Dr. Chew (speaking at left) was recognized by the foundation at the annual U.S. Professors of the Year Awards Program in Washington, D.C., Nov. 17. The Carnegie program salutes the most outstanding undergraduate instructors in the country, and is the only national program to recognize excellence in undergraduate teaching and mentoring.
Samford President Andrew Westmoreland described the award as "the most prestigious teaching designation in American higher education."
The Carnegie Foundation has been the primary sponsor of the program since 1982. The Council for the Advancement and Support of Education (CASE) began the program in 1981. All undergraduate teachers in the U. S. are eligible for the award. Entries are judged by top U.S. educators and other active participants in education.
National U.S. Professor of the Year Awards go to the top professors in four categories—baccalaureate colleges, community colleges, doctoral and research universities and master's universities and colleges. The national winners each receive a $5,000 cash award.
In his luncheon remarks, Chew described what he jokingly termed "the slippery slope to effective teaching." He recalled the three hours of teacher education he had as a graduate student, which included the percentages of As, Bs and Cs alleged to define a good teacher. He dutifully transcribed the "magic percentages" and kep that piece of paper in his desk. "After a few years of teaching," he said, "I confronted the question that I think all faculty face at some point---a question that marks a critical juncture in their career---'I wonder what my students are learning?'" Chew said many faculty members turn away from that fundamental question, possibly because they fear the answer. Those who embrace it, he said, uncover other questions and begin to devote themselves to finding answers that help their students learn. "And that is how, one day, I gave up on the magic percentages and threw the paper away," he said.
"Once you adopt the attitude that the measure of teaching effectiveness is student learning, a lot of teaching's most difficult conundrums become solvable," Chew said. "You learn the difference between teaching that makes it easy for students to learn and teaching that makes it easy for students to make a good grade; you give up moving from teaching fad to teaching fad and start to develop knowledge that will move the whole teaching enterprise forward; you give up the idea that good students make for good classes; and you realize that great teachers can create great students, and great students, like Amy Fineburg (a former Chew student), can inspire and create great teachers."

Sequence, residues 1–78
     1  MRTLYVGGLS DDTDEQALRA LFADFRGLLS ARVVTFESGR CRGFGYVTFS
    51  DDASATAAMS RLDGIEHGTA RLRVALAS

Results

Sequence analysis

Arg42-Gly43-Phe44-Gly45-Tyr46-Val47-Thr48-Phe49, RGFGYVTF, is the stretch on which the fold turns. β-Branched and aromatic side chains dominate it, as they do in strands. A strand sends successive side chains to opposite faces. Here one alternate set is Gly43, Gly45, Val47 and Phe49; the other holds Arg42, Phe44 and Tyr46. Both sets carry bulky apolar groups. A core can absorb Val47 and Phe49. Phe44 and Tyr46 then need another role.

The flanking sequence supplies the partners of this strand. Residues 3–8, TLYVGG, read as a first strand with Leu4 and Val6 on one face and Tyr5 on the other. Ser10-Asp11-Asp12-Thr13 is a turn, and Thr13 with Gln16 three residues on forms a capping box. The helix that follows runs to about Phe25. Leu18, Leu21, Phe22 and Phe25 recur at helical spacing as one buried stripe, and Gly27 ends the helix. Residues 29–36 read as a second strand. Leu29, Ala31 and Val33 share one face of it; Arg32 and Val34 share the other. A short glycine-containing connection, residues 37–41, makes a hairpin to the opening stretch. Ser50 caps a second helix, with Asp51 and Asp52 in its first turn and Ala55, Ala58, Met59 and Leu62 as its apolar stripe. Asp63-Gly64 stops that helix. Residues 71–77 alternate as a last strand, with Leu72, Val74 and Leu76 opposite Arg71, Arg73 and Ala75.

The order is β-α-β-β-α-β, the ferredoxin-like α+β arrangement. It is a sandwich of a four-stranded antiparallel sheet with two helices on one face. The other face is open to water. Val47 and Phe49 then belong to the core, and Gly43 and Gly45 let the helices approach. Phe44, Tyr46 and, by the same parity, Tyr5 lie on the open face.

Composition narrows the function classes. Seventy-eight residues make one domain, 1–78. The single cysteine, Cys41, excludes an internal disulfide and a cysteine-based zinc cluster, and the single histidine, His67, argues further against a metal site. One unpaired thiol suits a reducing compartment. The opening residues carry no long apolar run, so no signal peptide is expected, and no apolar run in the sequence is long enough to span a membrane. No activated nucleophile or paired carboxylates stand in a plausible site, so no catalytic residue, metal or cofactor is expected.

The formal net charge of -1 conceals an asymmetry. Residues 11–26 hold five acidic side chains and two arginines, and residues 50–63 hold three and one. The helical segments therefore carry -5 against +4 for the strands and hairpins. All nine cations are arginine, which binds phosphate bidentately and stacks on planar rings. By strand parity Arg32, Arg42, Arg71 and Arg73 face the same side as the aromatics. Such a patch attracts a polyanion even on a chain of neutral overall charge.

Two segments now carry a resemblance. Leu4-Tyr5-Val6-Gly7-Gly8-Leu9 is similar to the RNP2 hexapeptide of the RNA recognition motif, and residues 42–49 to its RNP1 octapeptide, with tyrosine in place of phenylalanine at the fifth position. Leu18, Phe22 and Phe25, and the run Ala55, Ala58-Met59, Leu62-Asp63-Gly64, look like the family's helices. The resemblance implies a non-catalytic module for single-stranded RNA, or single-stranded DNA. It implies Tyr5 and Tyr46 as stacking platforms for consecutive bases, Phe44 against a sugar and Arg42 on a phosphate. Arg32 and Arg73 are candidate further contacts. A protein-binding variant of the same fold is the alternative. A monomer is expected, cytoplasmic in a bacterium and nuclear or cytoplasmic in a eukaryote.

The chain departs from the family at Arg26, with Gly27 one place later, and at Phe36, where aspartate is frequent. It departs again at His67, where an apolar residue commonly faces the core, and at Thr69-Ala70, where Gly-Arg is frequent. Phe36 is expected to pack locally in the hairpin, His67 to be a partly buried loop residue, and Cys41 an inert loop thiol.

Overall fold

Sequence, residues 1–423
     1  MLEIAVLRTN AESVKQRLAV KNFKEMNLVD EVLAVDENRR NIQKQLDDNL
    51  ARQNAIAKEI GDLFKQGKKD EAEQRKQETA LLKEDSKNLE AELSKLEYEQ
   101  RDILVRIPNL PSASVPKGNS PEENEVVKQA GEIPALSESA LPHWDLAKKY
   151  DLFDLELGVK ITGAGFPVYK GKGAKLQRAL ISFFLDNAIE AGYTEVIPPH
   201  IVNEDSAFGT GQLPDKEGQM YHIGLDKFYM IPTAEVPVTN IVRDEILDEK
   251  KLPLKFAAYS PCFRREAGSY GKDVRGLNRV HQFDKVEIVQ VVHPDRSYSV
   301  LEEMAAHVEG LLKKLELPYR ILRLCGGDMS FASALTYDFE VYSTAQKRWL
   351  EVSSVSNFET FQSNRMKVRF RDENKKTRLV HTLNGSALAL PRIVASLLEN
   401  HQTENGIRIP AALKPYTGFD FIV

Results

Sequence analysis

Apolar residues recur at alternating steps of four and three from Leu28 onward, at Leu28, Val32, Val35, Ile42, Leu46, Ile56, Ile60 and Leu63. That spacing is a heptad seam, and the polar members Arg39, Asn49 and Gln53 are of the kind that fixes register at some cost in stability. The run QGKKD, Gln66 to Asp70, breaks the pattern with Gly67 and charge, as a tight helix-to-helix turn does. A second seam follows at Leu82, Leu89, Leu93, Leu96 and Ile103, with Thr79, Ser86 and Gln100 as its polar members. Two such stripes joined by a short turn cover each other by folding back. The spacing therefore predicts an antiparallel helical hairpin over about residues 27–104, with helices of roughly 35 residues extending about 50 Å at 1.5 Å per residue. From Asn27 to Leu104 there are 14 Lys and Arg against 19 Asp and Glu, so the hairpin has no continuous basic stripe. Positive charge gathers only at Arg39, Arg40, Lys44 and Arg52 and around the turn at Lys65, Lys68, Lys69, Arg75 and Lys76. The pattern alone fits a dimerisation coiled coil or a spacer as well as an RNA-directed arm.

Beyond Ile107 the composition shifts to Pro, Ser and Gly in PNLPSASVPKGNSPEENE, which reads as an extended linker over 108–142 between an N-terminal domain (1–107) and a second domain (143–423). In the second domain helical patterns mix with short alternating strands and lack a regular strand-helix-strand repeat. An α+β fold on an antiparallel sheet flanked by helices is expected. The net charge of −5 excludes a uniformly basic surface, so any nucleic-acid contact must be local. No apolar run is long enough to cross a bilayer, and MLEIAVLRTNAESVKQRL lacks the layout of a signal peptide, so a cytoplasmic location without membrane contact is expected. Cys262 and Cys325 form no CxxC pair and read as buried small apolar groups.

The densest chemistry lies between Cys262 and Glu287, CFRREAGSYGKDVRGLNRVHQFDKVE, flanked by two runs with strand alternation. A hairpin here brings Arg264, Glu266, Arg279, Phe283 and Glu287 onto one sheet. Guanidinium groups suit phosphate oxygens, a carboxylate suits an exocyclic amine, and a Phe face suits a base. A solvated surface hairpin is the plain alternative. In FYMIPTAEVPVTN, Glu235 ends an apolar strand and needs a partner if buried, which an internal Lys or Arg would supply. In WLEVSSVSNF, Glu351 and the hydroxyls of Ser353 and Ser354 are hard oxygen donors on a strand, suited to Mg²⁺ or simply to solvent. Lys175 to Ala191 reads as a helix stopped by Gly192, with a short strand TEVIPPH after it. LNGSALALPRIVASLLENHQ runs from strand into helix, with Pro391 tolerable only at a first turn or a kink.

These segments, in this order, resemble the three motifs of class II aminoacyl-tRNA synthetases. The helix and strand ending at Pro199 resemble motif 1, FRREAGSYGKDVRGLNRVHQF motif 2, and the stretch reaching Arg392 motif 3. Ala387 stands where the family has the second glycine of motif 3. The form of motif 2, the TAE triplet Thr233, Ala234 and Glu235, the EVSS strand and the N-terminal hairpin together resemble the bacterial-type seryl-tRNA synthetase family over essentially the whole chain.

From Dallas, Texas, Chew has been at Samford since 1993. He holds a bachelor's degree from the University of Texas and Ph.D. from the University of Minnesota.
Samford's administration was represented at the awards program by board of trustees chair Clark Watson, president Westmoreland, provost and executive vice president Brad Creed, Howard College of Arts and Sciences dean David Chapman and former Howard College of Arts and Sciences dean Rod Davis, who was serving when Chew joined the Samford faculty.
"Dr. Chew's honor is well deserved," said Dean Chapman. "Students love his classes for all the right reasons: he is knowledgeable in his discipline, innovative in his approach to teaching, and committed to helping his students achieve their full potential." Former Dean Davis and Assistant Provost Nancy Biggio echoed Chapman's praise, also noting Chew's leadership among Samford's faculty and the respect he enjoys throughout the nation.
The Carnegie honor is the latest in an impressive list of recognitions for Chew. He earned Samford's John H. Buchanan Award for Excellence in Classroom Teaching award in 1999. In 2001, the Carnegie Foundation for the Advancement of Teaching named him Alabama Professor of the Year. The American Psychological Association honored Chew with its 2005 Robert S. Daniel Teaching Excellence Award, recognizing him as the nation's best psychology teacher at a four-year college. Earlier this year, Chew completed a practical and unique video series on the psychology of study. Since its launch this fall, messages have poured in to let him know that the series is being utilized throughout the nation, and has even been captioned for hearing-impaired students.
Also in his comments at the award ceremony, Chew thanked his own teaching mentors, including Gerry Dalby of Carter High School in Dallas, Texas, Bob Young and Janet Spence from the University of Texas, Jim Jenkins and Herb Pick from the University of Minnesota and his own father, Ju-Nam Chew, who was present at the ceremony alongside Chew's spouse, Daisy, son, Michael and brother and sister-in-law Lawrence Chew and Dannette Lowry.